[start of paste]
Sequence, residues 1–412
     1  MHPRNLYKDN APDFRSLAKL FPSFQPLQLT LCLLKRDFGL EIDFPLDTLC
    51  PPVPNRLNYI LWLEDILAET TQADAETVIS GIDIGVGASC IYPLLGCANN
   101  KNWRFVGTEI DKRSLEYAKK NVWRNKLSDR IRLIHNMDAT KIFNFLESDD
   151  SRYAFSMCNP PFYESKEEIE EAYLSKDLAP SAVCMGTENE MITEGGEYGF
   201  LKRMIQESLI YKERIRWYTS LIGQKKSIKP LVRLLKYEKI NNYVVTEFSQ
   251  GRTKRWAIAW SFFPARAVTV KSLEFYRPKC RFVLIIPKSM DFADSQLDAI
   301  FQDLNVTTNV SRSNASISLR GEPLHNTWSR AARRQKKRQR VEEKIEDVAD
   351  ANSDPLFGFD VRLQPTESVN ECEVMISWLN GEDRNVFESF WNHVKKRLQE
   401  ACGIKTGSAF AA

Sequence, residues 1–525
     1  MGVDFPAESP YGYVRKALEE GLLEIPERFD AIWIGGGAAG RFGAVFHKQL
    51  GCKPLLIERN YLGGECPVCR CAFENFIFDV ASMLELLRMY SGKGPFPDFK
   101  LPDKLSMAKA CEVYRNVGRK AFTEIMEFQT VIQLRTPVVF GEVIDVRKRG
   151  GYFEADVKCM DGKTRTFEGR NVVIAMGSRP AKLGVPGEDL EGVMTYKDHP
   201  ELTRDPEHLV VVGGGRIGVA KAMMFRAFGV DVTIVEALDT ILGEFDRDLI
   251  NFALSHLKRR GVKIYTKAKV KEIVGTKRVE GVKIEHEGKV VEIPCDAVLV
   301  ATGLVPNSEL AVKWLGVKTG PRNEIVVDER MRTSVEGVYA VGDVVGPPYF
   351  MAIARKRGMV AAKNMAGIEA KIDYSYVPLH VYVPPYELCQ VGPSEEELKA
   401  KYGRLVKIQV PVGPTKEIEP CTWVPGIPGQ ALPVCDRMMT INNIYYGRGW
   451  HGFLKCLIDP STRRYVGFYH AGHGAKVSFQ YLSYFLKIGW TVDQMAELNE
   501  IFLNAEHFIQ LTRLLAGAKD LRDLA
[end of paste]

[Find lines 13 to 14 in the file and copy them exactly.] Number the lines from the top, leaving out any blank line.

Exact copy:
    51  GCKPLLIERN YLGGECPVCR CAFENFIFDV ASMLELLRMY SGKGPFPDFK
   101  LPDKLSMAKA CEVYRNVGRK AFTEIMEFQT VIQLRTPVVF GEVIDVRKRG